By Ken Wilcox, Partner
As an African American partner at H.I.E.C, diversity, equity, and inclusion (DEI) is, unsurprisingly, a subject that is near and dear to my heart. Having served as a C-Suite executive for several years and at multiple Fortune 500 companies, I can personally attest to the reality that the world of opportunity (not handout) hasn’t historically been set up for people that look like me. For far too long, African Americans have struggled to fit in to corporate America. So much so that, at time of this writing, there are currently only six African American CEOs of Fortune 500 companies. Additionally, a 2021 review of top companies by the Washington Post found that only 8% of C-suite executives are Black, although African Americans account for about 12% of the total population.
Thankfully, albeit at a slower pace than should be, times are changing. Not just for African Americans, but for other ethnic minorities and those that may also have been discriminated against in the past due to their gender, age, sexual orientation, disability, socioeconomic status, or religious beliefs. DEI is a subject that is finally gaining resonance throughout the globe. And for good reason. Having a diverse workforce and an inclusive environment brings a myriad of economic and social benefits to an organization.
Diversity, equity, and inclusion (DEI) is a conceptual framework that promotes the fair treatment and full participation of all people, especially in the workplace, including populations who have historically been underrepresented or subject to discrimination because of their background, identity, disability, etc.
Going beyond lip service
To be effective and long lasting, DEI shouldn’t just be done for popularity, or to be seen to be ‘doing the right thing’. It needs to go beyond lip service and come from a place of genuine understanding. All too often, DEI has been treated as a “check the box” exercise. HR teams have been instructed to ensure that a set quota of certain candidates is put forward for each role and they think that is enough. Yet, in many ways this does more harm than good.
In her book, The Waymakers: Clearing the Path to Workplace Equity with Competence and Confidence, author Tara Jaye Frank says the following about Equity:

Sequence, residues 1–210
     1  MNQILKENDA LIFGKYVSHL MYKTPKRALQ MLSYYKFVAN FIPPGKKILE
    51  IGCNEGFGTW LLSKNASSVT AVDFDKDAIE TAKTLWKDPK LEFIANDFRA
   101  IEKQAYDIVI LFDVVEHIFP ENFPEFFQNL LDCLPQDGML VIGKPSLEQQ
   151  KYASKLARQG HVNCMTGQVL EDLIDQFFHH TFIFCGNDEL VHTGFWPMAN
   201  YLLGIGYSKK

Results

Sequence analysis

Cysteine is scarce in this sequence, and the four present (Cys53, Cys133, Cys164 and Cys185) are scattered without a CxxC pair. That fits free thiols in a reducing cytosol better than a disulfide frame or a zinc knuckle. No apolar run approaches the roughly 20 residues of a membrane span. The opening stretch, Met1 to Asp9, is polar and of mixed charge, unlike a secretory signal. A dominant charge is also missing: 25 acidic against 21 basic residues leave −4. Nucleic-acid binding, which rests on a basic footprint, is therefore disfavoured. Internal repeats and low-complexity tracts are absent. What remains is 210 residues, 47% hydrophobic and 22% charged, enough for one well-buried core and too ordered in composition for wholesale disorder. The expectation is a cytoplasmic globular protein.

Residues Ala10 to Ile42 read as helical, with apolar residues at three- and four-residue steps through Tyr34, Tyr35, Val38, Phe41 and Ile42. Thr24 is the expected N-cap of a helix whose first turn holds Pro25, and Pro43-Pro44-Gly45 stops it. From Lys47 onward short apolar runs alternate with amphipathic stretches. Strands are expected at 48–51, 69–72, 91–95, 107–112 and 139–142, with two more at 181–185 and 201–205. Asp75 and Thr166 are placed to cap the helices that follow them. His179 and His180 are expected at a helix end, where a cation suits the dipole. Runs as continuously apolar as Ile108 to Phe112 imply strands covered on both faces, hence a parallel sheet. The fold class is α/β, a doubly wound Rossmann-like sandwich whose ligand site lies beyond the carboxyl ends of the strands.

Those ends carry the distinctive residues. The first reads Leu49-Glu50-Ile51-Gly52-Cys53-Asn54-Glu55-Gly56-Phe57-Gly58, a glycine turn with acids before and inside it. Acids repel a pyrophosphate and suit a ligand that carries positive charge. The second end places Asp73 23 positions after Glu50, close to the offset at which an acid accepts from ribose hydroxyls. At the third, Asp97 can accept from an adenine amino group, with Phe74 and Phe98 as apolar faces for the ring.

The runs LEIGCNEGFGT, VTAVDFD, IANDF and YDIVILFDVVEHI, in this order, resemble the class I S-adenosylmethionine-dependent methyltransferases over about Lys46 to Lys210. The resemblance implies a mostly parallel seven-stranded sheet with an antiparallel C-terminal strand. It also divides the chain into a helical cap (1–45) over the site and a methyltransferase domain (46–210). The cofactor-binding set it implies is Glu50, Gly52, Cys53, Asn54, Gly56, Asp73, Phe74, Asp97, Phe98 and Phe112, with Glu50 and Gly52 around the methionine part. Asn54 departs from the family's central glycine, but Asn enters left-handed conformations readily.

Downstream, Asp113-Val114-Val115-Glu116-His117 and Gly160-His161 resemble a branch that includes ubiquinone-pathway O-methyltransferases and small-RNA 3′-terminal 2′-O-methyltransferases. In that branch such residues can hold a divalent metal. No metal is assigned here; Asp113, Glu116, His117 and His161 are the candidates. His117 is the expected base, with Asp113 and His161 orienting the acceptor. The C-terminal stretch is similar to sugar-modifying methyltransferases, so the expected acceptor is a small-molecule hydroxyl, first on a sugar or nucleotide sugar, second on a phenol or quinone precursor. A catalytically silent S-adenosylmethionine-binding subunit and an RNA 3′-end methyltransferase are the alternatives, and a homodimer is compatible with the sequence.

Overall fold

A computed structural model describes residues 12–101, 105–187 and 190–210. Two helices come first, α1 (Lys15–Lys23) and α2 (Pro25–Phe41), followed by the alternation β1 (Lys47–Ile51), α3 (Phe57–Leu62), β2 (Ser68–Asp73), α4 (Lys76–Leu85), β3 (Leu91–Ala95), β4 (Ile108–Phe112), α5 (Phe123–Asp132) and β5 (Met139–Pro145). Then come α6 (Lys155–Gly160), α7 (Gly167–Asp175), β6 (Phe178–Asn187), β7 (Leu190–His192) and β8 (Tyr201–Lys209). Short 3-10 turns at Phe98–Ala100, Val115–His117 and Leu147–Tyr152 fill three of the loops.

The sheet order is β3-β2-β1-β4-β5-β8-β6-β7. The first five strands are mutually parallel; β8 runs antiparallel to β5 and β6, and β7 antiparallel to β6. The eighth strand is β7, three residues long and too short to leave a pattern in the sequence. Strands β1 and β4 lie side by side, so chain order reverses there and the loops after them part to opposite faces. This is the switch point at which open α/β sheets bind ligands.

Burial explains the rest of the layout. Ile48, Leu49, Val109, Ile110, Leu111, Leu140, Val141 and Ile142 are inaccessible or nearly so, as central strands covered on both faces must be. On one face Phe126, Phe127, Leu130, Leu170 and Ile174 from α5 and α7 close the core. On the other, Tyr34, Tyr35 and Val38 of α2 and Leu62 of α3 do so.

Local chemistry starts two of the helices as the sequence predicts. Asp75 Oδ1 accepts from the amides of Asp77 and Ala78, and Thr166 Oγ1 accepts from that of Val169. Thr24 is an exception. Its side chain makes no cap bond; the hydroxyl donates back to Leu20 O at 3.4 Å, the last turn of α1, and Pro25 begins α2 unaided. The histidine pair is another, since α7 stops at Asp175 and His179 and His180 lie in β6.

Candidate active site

“Equity – technically defined as fairness and impartiality – is an uncomplicated idea with a very complicated root. it acknowledges that there have been more barriers for some than others, heavier burdens, higher standards, and increased risk.”
For DEI to become ingrained, a cultural shift is needed top to bottom. Only when organizations move to a company-wide and human-centric approach can they properly tap into a diverse talent pool that is able to better compete on a global stage.
Garner more allies – not enemies
CEOs are often frightened of getting DEI wrong. I get that. No one wants to be cancelled for taking a chance. Whilst CEOs may not always get DEI right first time, if they go into it with the right reasons and attitude, they will garner more allies than enemies. People respect authenticity. Whilst authentic leadership is a much-overused phrase, there is no doubt that it can inspire trust and foster a positive work environment.
My main advice to CEOs is to seek to understand rather than be understood. When a leader seeks to understand, they ask the right questions. When they only want to be understood, they make statements. The former makes a CEO far more empathetic and curious, which are key components of emotional intelligence and the definition of a great leader today.
Don’t miss the mark
Corporations have often missed out on top talent for too long by way of discrimination, whether consciously or otherwise. A change is needed. A diverse outlook and experience at the executive level is proven to deliver enhanced performance, as well as offer both economic and social benefits. While race may dominate the diversity agenda, particularly here in the U.S., considering gender, background, education, values, self-expression, and ethnicity (to name a few) to ensure equal opportunity are all important.
While businesses are waking up to the benefits of a diverse and inclusive workforce, the requisite corporate structures to harness this talent pool are often missing. It is important that the CEO has people from all backgrounds around them to ensure that they can truly welcome, support, respect, and value all individuals and groups. By doing so, it becomes a positive, self-perpetuating cycle.
A cultural shift
At H.I.E.C, we believe we have a part to play. We always ensure we assemble diverse search teams from a variety of global locations for every assignment. This fosters creativity and offers clients a rounded perspective. We also arrange unconscious bias briefings for decision makers, review client evaluation practices to ensure fair assessment, and collaborate to assemble diverse internal project teams to minimize bias.
We have never had more requests for diverse and inclusive candidates than we do now. It feels like a real cultural shift. But, as I’ve been prone to say, “the proof is in the pudding.” It is important not to lose the momentum that has been built.
I’d be interested to hear about your experiences and how your organization is facilitating change, as well as how H.I.E.C. can partner with you to build world class executive talent. Please feel free to contact me directly and let me know your thoughts via email firstname.lastname@example.org.